For the first time, the Dane County District Attorney’s Office has a policy to guide prosecutors in deciding whether to charge crimes under Wisconsin’s hate crimes statute.
District Attorney Ismael Ozanne said the policy, which was effective as of Nov. 11, “arose from us asking questions” when looking at cases that potentially could be charged as hate crimes — crimes committed in part or wholly because of a victim’s race, ancestry, sexual orientation, disability or other factors.
Wisconsin’s law allows prosecutors to add an additional penalty, called an enhancer, to a charge if a crime is believed to have been motivated by hate.
Ozanne said there wasn’t a specific case that prompted the review and creation of the policy, “but we were seeing more incidents.” Looking at those incidents, he said, prosecutors in his office asked, “Is this a hate crime?”
“We wanted to be clearer,” Ozanne said. He also said it was important to give “a formal statement to the community” how hate crimes would be prosecuted.
A committee was convened in May, consisting of prosecutors, attorneys, law enforcement and others, to look at the creation of the policy.
According to the policy, its purpose “is to draw attention to hate crimes, to ask for solidarity in eradicating hate crimes by establishing guidelines for prosecution of hate and bias-motivated crimes by seeking justice for individual victims and our community.”
You have free articles remaining.
The policy goes on to say that “crimes motivated by hate and bias will be treated with the utmost level of seriousness and will not be tolerated in Dane County, Wisconsin, so that those living, working and visiting Dane County can feel welcomed, safe and protected.”
Hate crimes are already prosecuted and have been since Wisconsin enacted its hate crime statute in 1988. Ozanne said an uptick locally in bias-related incidents and a greater number of incidents reported nationally prompted the re-examination of the way his office approaches hate crimes.
“It was important for us to look at how we were applying the hate crime enhancer,” he said.
Ozanne said during a news conference Monday he did not know how many hate crimes have been prosecuted by his office or how many likely would be charged after the implementation of the new policy. Figures will likely be available after the first quarter of 2020, he said.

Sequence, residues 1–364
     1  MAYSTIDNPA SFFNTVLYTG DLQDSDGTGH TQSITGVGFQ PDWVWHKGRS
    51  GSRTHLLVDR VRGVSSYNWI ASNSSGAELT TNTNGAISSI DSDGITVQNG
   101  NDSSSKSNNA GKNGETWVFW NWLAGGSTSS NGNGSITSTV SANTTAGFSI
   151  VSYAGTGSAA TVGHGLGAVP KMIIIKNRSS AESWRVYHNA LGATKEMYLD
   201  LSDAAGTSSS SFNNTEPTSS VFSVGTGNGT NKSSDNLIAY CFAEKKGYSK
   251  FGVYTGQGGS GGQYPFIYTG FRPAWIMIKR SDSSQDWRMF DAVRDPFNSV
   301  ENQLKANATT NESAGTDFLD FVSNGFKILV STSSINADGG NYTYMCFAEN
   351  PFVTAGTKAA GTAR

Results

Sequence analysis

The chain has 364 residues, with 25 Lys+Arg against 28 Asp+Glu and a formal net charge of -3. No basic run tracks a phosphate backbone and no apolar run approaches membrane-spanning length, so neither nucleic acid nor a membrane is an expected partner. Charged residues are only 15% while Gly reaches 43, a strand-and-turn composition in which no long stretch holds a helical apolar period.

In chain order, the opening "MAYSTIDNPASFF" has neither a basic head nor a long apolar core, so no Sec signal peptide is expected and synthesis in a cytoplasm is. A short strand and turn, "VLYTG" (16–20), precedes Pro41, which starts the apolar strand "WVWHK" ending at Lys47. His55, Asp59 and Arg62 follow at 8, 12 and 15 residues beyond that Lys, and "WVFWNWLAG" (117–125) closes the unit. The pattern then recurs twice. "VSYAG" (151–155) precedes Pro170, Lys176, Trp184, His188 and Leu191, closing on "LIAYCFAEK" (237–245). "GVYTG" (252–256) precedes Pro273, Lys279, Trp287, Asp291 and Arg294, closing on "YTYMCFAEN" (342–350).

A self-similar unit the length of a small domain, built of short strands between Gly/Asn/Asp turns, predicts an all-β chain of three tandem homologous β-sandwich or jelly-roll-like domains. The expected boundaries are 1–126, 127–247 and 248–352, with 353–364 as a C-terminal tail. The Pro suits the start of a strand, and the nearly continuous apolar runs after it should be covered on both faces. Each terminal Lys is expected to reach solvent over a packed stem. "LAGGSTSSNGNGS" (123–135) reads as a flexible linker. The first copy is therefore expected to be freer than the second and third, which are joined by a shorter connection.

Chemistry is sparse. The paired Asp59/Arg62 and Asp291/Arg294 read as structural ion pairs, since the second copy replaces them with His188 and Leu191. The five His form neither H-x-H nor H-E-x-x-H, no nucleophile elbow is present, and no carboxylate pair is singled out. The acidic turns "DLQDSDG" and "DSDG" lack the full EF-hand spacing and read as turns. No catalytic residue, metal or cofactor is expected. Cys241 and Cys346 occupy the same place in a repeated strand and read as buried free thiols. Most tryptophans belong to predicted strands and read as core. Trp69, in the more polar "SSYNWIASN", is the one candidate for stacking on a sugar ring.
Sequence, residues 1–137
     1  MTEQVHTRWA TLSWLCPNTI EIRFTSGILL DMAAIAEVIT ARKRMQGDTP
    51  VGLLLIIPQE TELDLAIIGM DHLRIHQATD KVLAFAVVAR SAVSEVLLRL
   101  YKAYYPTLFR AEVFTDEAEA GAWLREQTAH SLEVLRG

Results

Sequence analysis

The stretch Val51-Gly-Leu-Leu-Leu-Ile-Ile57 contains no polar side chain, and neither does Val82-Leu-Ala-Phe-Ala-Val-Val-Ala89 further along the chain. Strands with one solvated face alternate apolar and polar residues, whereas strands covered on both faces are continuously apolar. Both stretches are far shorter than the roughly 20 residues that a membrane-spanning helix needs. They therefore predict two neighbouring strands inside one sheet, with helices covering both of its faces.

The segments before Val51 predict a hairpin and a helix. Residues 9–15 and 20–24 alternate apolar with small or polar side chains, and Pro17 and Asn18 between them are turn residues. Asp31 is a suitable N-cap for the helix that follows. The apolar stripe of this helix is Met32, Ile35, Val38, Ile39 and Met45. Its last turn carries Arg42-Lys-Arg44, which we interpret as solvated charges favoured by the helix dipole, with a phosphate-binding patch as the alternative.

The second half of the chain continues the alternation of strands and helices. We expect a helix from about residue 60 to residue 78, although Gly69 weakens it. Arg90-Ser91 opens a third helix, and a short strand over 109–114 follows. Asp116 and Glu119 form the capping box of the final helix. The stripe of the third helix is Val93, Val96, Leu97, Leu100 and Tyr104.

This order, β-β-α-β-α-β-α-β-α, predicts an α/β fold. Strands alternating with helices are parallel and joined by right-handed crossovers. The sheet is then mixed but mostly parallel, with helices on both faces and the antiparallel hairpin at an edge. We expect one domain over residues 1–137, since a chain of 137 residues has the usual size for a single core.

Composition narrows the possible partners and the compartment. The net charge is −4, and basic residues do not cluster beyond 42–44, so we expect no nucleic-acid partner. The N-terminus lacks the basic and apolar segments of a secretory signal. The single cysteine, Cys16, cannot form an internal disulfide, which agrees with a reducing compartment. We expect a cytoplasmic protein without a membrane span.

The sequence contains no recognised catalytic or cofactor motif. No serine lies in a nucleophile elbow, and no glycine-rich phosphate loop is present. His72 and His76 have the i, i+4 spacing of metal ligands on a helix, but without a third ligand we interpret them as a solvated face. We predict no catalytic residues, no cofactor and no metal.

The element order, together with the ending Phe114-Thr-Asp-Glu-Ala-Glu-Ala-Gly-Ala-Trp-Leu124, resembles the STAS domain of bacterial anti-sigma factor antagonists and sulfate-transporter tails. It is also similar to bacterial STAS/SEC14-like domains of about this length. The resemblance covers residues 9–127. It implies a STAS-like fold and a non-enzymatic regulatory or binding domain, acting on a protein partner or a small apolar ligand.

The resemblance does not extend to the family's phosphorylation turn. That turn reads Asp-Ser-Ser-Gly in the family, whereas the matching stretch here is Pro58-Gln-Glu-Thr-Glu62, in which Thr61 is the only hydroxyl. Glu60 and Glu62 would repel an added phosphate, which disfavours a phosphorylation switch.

The policy statement says hate crimes “will be given all the necessary office resources to successfully prosecute and hold accountable those individuals who engage in this deviant behavior.” The intent of the policy, it states, “is to protect and lift up persons and groups who are marginalized in our community,” and says that all employees of the DA’s office “are expected to be familiar with this policy and adhere” to its guidelines.
It lays out specific and detailed procedures — everything from data collection and staff training to the creation of a Hate Crimes Action Team, which will “create specialized expertise and an internal resource for consultation and support.”
That team, according to procedures, will provide feedback and consultation to assigned prosecutors and victim-witness personnel, give training to staff and outside agencies, and represent the DA’s office in collaborations with law enforcement partners, among other duties.
The policy also sets case charging guidelines, which include reading incoming cases “with an eye toward motive,” consideration of any evidence that motive is “hate-fueled” and consultation with the Hate Crimes Action Team if needed.
Adding the hate crime penalty enhancer to a case must be approved by Ozanne or a deputy district attorney. Managers must also approve the dismissal of any hate crime enhancer during plea negotiations.